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Small birds are usually bypassed as a food source, but those looking to supplement their food supply or establish additional food security can benefit from small birds. There are two main small birds I would recommend: quails and pigeons.
Here are the advantages to owning quail:
- They are small, so they need no more than one-square foot for each bird.
- They don’t roost, so a pen about 18-inches tall is sufficient. Pigeons, though, are roosters, so you will want a taller pen with a place to roost and nest.
- They are efficient egg layers in terms of converting feed into eggs.
It takes four quail eggs to equal one average chicken egg. Quail eggs bring much more money than standard chicken eggs, so you even can sell them.
Quail are quiet except for a sing-song coo; not even the males crow. This bird will not bother your neighbors! In fact, if you live in an apartment, no one will know you have them. Cleaning them is easy because the cage should have a screen floor with no need for nest boxes. Quail are not picky; they lay eggs wherever they stand.
Other great, yet smaller, quails are the gambel’s quail, Tennessee, California Valley, Texas and button quail.
Quail meat is high in protein and minerals and it’s lean, so it can dry out while cooking. It’s best braised, but can be fried or used in other ways. The eggs are amazing and full of HDL cholesterol (the healthy cholesterol). They are also hypoallergenic, so people with chicken egg allergies likely can eat them.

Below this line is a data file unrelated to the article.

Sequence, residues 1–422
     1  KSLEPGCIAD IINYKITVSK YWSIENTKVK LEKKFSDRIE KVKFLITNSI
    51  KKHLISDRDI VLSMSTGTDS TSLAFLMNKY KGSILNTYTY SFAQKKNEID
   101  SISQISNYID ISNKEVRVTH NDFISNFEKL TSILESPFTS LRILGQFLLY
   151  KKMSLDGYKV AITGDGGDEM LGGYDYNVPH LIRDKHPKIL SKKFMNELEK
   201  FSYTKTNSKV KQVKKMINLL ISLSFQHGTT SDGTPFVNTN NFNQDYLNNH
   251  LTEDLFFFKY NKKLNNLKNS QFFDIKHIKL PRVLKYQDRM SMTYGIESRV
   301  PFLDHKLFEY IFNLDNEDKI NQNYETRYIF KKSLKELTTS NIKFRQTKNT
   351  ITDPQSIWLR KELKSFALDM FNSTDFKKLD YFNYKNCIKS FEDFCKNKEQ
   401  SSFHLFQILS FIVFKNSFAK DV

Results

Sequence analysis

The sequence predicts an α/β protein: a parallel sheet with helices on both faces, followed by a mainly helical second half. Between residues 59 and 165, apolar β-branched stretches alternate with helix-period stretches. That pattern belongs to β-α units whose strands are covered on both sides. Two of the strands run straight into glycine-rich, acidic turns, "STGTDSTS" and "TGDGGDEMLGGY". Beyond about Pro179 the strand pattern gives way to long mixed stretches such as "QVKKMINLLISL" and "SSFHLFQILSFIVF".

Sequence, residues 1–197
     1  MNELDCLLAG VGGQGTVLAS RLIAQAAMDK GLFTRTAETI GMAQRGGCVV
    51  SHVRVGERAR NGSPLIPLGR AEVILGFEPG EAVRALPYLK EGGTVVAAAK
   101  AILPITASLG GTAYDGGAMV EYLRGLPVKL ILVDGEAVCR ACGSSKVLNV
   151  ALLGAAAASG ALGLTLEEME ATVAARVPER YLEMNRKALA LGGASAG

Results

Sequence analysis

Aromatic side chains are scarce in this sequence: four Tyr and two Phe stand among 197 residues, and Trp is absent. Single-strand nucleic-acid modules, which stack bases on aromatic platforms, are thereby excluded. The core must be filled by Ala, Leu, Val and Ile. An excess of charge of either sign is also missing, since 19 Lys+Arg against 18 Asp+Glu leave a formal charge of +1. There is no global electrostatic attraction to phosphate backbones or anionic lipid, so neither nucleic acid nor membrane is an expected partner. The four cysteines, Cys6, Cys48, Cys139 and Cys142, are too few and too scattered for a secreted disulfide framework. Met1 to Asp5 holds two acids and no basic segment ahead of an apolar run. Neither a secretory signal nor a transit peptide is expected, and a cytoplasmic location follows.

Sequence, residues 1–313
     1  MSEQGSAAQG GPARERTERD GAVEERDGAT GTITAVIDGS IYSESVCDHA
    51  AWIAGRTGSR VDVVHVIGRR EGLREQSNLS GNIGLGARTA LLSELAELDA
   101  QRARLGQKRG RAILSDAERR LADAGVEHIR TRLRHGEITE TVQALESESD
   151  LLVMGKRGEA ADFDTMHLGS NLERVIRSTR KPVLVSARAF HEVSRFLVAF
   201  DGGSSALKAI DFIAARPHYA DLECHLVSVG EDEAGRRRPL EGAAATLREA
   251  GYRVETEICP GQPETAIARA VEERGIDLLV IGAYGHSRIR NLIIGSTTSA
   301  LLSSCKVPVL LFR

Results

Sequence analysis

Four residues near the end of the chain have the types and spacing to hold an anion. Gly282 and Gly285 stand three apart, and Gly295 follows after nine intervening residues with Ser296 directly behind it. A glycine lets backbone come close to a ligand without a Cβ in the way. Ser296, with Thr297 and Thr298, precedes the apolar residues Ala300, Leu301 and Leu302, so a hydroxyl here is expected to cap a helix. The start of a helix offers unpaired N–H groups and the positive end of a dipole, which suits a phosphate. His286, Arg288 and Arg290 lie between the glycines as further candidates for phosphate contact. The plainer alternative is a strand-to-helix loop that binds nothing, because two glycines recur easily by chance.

Pigeons: not Just an Annoying Bird
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Pigeons (squab) may be a nuisance in the city, but they are valuable as a food supply. Pigeons are really easy to care for, and they grow quickly. If you look online for a meat-quality pigeon pair, you may be shocked; you would be fortunate to get a pair under $100 online. I suggest visiting a farm that has a silo; Amish farms would probably be the best choice. You may be able to purchase pigeons from Amish for less than $5 each. You will not find the fancy pigeons there, but they are very edible. Ask them to catch several, for mating. Once pigeons pair up, they stay together for life.
Before bringing them home, make a pigeon coup. It doesn’t have to be fancy and it will not have to be all wire. You’ll need:
- A closet or shed.
- A screen box to mount on the side so that they may peek out.
- A nest box so they can lay eggs.
“Squab” is a fancy name for the pigeons, and usually means young birds. A healthy pair will raise 12-14 squab during the year. It only takes about 26 days from hatching until eating. The parents will usually lay a second set of eggs before the first pair of chicks leaves the nest.
Pigeon feed can be found at many feed stores, or it can be pre-ordered. They will need minerals and clean water, daily.
Once established, you will have a constant food supply and new hobby!
Squab is a healthy and delicious meat. All the meat is dark and, believe it or not, tastes like the dark chicken meat. It is a tender meat, juicy and flavorful with fatty skin. There are many ways to cook this bird—all taste great!
Regardless of the way you choose to go, these birds offer multiple benefits. The cost of feeding chicken alternatives is inexpensive. All you need is a handful of feed a day, minerals and clean water. Anyone who has the room to keep either bird will find all sorts of cage plans online. The only thing left to do is go out and give it a try. You won’t be disappointed!
Have you ever raised quail or pigeons? Share your advice in the section below:
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